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Topic: Why do solids and liquids not affect the Equilibrium constant?  (Read 1023 times)

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Offline KudoAnastasia

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Why do solids and liquids not affect the Equilibrium constant?
« on: December 08, 2019, 02:20:57 PM »
As the title suggests im puzzled as to why they do not affect the equilibrium constant, I've read online about it and it states that ''Pure solids and liquids are not included in the equilibrium constant expression. This is because they do not affect the reactant amount at equilibrium in the reaction, so they are disregarded and kept at 1.'' however i'm still confused at to how they don't affect the reactant amount if they are part of the reactant amount?? Any clarification on this

Online Borek

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Re: Why do solids and liquids not affect the Equilibrium constant?
« Reply #1 on: December 08, 2019, 02:37:00 PM »
It is not about amount, it is about concentration. Amount changes, concentration doesn't.
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Offline Corribus

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Re: Why do solids and liquids not affect the Equilibrium constant?
« Reply #2 on: December 09, 2019, 10:17:13 AM »
Strictly speaking, equilibrium constants are determined by activity coefficients, not concentrations. This makes sense in principle, because not all reactions happen in solution, yet equilibrium still exists. So there must be some broader definition than one based on concentrations.

The activity coefficient is kind of a measurement of the relative potential (in terms of chemical energy) of a substance to make some transformation. The equilibrium constant defines the state of a mixture based on all these potential energies. The "relative" is important in this definition - we don't use actual activity values but rather express the activity coefficient as the ratio of the activity of the substance in the state of interest to its activity in a standardized state. You should know by now that thermodynamic quantities are almost always determined relative to something else. Activities are no different.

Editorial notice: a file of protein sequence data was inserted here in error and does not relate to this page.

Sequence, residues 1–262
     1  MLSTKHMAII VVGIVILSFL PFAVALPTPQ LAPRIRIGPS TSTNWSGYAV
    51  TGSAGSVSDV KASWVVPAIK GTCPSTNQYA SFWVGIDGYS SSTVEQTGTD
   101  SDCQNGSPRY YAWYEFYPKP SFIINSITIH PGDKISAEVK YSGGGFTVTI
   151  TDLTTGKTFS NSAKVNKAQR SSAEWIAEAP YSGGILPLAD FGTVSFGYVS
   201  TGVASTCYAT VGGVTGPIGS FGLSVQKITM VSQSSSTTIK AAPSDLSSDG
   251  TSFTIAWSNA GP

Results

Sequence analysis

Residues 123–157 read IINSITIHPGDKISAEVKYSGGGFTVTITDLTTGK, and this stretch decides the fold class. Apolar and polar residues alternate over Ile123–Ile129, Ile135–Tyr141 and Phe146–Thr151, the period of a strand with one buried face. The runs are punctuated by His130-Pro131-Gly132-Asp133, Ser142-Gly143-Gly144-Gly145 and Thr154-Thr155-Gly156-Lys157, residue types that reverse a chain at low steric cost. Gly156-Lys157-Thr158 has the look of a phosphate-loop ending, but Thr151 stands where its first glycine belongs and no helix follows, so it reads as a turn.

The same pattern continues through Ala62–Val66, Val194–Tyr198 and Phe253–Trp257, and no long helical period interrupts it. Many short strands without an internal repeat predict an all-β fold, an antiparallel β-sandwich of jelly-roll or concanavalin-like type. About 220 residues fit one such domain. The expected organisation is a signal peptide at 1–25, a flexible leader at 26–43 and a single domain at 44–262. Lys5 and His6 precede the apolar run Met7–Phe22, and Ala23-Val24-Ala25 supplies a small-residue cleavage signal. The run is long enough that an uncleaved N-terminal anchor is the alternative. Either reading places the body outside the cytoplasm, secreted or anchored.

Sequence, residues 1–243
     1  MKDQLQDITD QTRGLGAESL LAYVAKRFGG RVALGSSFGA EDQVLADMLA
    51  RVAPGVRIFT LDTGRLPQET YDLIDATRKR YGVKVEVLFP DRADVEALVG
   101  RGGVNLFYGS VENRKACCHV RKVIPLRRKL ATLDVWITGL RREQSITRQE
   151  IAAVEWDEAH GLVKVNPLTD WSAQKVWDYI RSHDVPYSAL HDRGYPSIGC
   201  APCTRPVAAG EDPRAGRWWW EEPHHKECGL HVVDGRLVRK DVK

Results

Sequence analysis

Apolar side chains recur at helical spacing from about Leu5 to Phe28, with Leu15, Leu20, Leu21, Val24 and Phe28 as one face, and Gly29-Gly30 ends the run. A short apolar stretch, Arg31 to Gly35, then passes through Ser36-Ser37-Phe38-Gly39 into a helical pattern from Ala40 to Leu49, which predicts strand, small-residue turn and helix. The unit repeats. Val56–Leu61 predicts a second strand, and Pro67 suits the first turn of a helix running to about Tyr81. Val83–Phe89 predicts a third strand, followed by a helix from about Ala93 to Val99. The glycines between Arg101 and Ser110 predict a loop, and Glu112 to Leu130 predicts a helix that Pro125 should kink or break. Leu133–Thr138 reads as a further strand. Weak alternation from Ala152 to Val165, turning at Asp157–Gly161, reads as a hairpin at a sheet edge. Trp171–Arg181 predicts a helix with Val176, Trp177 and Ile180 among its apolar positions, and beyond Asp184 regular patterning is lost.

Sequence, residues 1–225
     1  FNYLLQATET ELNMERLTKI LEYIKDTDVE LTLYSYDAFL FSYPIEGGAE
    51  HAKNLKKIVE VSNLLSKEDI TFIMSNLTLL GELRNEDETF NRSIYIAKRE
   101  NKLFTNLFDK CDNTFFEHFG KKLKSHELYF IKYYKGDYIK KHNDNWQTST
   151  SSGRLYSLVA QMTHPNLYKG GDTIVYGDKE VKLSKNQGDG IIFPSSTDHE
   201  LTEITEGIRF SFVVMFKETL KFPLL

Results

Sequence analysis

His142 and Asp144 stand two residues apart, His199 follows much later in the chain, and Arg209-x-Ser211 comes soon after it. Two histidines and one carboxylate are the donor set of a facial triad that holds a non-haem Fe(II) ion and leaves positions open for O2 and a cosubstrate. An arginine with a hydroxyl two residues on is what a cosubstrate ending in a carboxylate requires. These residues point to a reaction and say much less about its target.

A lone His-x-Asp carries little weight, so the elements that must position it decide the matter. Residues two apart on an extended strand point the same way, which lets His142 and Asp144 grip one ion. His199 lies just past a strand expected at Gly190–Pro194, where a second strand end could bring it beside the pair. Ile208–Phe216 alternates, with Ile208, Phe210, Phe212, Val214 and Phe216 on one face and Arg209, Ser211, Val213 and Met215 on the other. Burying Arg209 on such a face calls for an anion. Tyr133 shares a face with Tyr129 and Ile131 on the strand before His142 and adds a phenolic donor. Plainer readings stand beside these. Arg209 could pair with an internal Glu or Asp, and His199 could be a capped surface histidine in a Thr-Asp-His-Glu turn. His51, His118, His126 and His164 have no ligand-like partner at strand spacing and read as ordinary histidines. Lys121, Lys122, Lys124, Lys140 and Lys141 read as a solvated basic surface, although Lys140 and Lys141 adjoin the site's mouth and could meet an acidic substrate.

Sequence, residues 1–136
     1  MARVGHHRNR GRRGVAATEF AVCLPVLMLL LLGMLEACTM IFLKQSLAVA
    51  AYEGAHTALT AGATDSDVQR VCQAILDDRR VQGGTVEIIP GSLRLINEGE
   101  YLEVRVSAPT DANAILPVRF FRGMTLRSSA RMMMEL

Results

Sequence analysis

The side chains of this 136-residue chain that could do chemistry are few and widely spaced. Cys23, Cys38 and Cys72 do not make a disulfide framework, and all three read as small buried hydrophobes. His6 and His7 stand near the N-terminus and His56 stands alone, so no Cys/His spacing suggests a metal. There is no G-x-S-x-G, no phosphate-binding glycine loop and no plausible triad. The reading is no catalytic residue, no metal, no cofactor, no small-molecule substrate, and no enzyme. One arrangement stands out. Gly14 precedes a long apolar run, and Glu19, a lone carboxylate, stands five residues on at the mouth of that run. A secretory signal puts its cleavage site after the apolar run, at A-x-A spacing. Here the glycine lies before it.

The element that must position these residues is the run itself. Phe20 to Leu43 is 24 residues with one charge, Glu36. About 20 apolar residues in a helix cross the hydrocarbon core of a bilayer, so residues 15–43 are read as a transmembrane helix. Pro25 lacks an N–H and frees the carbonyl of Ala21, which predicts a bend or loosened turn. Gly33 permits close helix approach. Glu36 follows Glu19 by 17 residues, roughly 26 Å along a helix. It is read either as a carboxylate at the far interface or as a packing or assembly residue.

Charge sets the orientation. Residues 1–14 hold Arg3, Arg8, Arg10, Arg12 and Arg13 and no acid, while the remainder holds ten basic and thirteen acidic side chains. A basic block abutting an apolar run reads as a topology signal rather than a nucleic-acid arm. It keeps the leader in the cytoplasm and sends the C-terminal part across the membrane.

For solutes in solution, the standard state is defined as being the solute dissolved at a concentration of 1 M, so the activity coefficient (for ideal solutions) is the observed concentration divided by the concentration of 1 M. Therefore the activity coefficient of a dilute solute is proportional to its concentration - which is why for solution-based reactions we can usually get away with quickly redefining the equilibrium constant in terms of the concentrations rather than the activity coefficients.

The standard state of a bulk solid or liquid is defined as the pure solid under a certain atmospheric pressure. Solids and liquids produced or consumed in most reactions you encounter in solution chemistry are already assumed to be in their standard states, therefore their activity coefficients are by definition 1. In this sense they "don't affect the equilibrium".

In general chemistry we are often taught that "all solids and liquids are given a value of 1 in an equilibrium constant expression". In practice this is usually OK but keep in mind that it is not always true, just as it is also not always true that we can get away with using concentrations in place of activity values for solute reactants and produces. In cases where solutes do not behave ideally, the concentration is not proportional to the activity value, so activities must be used in place of concentrations in these cases. Electrochemistry or high ionic strength solutions are examples where this is important. And a value of 1 for a solid or liquid is only appropriate when the solid or liquid is in its standard state. Transformations that involve conversion of a pure solid to another form or allotrope (e.g., diamond to graphite) require the usage of activity values in the equilibrium expression because obviously both diamond and graphite cannot both be the standard state of carbon. Likewise if a reaction occurs at very high or low pressure pure solids and liquids are no longer in their standard states, so a value of 1 would not be appropriate in the equilibrium expression.
What men are poets who can speak of Jupiter if he were like a man, but if he is an immense spinning sphere of methane and ammonia must be silent?  - Richard P. Feynman

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